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CHE graduate Dan Glass is participating in the Training for Transformation workshop in South Africa. In this personal guest post, he shares his experience and some of what’s been happening:
Dear CHE Family, thanks to all the support from you – the Training for Transformation (TfT) delegation in South Africa which we started in October 2012 is coming to completion and we are becoming more and more driven to support positive social change in our communities. The TfT programme, based on the principles of popular education, involves spending a year developing a new generation of leaders who are self-motivated and whose thinking and practice is grounded in communities’ realities. Through meeting incredible fearless community activists from across Africa and beyond, we are linking local and national initiatives to the global civic movement for international justice. We feel so lucky to have had the opportunity connect with such incredible minds and souls, whom are pioneers in the field of HIV justice, women’s work, anti-Apartheid organising, alternative economics and so much more. TfT has nourished the belly of movements for justice all over the world. Starting with Steve Biko, founder of the Black Consciousness Movement, who along with others helped start TfT to Abahlali – the South African Shack Dwellers Movement to Mamelani ‘listen up!’ in South Africa, the Brazilian Landless Workers Movement (MST) and many more know the magic of TfT.
Here are the tools for transformation that we learnt – ‘the master’s tools will never dismantle the master’s house’
WHAT NEXT? THE DELEGATES PROJECTS
Verene Nicolas – firstname.lastname@example.org www.verenenicolas.org
Verene hopes she can continue to input on the Training for Transformation course in the future as she always finds the experience soul nourishing.
Amreeta Kaur – email@example.com
Thanks to TfT I am rich with knowledge and support around identifying community needs as well as theory around how to make positive social change possible. This has led me to start up a social enterprise called ‘Bridges out of Poverty and Getting Ahead’ within the Govan area of Glasgow.
Maria Latumahina – firstname.lastname@example.org
Over the coming year I am bringing in TfT methodology in a systematic manner to develop a strong alliance of community change agents and building community-government partnerships in Papua.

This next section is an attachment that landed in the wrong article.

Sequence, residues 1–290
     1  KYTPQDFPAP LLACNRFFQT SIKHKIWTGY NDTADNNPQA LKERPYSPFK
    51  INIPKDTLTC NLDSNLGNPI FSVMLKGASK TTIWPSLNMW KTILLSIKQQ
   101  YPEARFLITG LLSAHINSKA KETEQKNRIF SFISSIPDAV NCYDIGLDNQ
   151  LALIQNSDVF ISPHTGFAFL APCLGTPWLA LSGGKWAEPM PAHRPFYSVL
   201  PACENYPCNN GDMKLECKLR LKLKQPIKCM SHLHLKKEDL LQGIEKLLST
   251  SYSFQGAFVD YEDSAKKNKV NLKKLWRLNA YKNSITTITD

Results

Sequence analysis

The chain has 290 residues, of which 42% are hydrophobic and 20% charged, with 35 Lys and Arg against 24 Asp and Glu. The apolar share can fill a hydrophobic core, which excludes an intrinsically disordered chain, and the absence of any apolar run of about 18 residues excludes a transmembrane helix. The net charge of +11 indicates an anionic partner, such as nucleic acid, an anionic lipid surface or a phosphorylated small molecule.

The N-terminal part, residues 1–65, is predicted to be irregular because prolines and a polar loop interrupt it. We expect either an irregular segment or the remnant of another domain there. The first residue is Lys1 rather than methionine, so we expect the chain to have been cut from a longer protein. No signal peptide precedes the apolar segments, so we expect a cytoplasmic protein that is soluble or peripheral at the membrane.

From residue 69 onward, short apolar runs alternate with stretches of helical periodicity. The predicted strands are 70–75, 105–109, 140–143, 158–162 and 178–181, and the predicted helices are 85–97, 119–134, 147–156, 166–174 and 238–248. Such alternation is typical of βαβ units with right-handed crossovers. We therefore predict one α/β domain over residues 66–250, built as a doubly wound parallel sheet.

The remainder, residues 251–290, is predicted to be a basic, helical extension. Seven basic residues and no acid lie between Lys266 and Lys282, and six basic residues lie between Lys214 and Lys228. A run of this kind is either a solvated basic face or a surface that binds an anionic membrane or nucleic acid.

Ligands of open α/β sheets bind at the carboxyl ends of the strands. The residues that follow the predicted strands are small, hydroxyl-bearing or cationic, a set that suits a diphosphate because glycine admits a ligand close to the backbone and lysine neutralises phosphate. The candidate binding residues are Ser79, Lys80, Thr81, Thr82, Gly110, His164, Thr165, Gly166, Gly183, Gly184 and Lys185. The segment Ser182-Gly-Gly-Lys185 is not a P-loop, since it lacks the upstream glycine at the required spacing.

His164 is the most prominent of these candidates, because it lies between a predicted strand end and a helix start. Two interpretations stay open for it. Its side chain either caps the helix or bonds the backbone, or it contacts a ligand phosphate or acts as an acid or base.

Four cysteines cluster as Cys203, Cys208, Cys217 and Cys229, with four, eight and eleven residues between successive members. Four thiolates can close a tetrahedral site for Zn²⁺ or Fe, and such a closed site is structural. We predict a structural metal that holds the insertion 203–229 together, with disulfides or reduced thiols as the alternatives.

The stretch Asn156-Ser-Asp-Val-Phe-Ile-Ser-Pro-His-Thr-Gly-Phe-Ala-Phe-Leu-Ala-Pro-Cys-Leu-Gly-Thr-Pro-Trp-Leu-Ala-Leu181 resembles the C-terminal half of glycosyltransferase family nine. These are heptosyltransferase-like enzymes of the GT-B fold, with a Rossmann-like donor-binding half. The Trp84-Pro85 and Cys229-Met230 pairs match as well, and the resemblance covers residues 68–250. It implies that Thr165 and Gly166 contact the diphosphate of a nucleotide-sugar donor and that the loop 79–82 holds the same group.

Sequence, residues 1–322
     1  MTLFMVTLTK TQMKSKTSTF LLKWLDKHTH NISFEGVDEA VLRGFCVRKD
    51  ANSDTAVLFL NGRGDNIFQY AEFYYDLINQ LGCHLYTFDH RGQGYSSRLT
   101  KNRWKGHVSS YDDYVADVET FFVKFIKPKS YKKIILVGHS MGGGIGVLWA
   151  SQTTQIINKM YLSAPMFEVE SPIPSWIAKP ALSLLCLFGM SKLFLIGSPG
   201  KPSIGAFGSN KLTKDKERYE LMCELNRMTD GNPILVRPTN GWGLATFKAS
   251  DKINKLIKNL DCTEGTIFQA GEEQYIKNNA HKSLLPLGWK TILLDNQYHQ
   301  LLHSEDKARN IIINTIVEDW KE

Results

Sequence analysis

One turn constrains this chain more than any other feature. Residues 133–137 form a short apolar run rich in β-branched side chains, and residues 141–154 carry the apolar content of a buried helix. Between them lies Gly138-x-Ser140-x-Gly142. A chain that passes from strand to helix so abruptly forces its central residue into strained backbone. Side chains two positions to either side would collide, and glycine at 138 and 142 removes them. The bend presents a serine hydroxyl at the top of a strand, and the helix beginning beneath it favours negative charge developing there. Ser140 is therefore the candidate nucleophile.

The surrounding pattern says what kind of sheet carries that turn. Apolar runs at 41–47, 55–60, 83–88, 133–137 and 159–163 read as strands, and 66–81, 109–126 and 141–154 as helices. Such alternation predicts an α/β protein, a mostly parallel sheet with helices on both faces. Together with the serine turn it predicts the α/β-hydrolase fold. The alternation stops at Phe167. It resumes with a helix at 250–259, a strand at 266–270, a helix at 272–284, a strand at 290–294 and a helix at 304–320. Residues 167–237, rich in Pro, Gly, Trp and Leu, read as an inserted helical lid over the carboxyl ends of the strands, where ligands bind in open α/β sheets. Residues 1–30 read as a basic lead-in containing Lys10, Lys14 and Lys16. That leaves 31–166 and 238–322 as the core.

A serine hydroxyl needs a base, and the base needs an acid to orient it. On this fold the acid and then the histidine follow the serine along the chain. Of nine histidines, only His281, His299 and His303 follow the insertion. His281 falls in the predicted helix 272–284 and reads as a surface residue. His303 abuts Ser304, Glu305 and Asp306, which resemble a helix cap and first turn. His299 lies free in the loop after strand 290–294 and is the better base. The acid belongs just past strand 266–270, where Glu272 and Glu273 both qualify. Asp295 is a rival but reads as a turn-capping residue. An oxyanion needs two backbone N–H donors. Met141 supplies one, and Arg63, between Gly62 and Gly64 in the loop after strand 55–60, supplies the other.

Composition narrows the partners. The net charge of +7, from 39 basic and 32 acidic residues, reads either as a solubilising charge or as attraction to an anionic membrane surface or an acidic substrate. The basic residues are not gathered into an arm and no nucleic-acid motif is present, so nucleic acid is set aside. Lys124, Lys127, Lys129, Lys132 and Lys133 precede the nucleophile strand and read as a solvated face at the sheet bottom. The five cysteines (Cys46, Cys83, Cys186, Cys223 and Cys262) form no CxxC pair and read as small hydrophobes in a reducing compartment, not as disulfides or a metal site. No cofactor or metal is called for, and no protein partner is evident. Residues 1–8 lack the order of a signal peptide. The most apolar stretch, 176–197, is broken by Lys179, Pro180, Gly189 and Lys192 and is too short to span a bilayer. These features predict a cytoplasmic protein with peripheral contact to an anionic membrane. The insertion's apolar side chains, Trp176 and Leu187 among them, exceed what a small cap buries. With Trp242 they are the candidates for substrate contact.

Dan Glass – email@example.com www.theglassishalffull.co.uk
3 members of the Centre for Human Ecology network will be attending a community empowerment Training for Transformation course in South Africa
Dan Glass is an activist and performer. Dan was named one of the UK’s youth climate leaders by the Guardian, and one of Attitude magazine’s 66 new role models for helping bridge LGBTQ and environmental justice movements. A founder of So We Stand, he facilitates programmes dedicated to building the skills of young women, young people of colour, working class people, and queer people and those with different mental and physical abilities as the next generation of leaders in the social justice movement. Get Dan at The Glass Is Half Full
Maria Latumahina has been working on environmental justice for over a decade. She has been working on avoided deforestation and reduced poverty in the Papua province of Indonesia by empowering forest dwelling communities and building leadership of local government to come up with pro poor and sustainable land use policies. This work has resulted in a reduced planned deforestation of about 6million ha. She has just recently started to apply similar tools and methods to the marine and costal ecosystem management in the area where she grew up.
Amreeta Kaur is a trained Community Learning Development worker, her current work is based in Govan where she hopes to develop positive social change by working with grassroots community members to improve public services.
To follow their progress on Facebook click here
The programme involves spending a year developing a new generation of leaders who are self-motivated and whose thinking and practice is grounded in communities’ realities. They will be linking local and national initiatives to the global civic movement for international justice. This process of transforming societies for the better and sharing these skills across communities is quite a challenge and they would therefore be very grateful if people would be generous enough to sponsor them.
To donate please email
firstname.lastname@example.org – this is greatly appreciated. All proceeds will enable the delegation and ongoing communication from S.Africa to happen and further enable the trainings and skills shared back home.
Any contributions would be very much appreciated so thank you in advance for your generosity.
Lots of love from a team facilitating a journey of liberation from oppression!
Transformation is only valid if it is carried out with the people, not for them… Liberation is like a childbirth, and a painful one. The person who emerges is a new person, No longer oppressor or oppressed, but a person in the process of achieving freedom. Paulo Freire, Pedagogy of the Oppressed
Dave Key, CHE graduate and fellow has co-authored the WWF’s new Natural Change project report, available today both for download and print. From the reports’ executive summary:
This report offers fresh insights into leadership, education, communications and policy for
sustainability: for example, in meeting the aims of the Climate Change (Scotland) Act 2009
and supporting The Low Carbon Scotland: Public Engagement Strategy (Scottish
Government, 2010); and in implementing Curriculum for Excellence and the recommendations
made in Teaching Scotland’s Future (Scottish Government, 2011).
The report is available to download here: http://assets.wwf.org.uk/downloads/wwf_naturalchange2.pdf
More information is available on the Natural Change website: http://www.naturalchange.org.uk/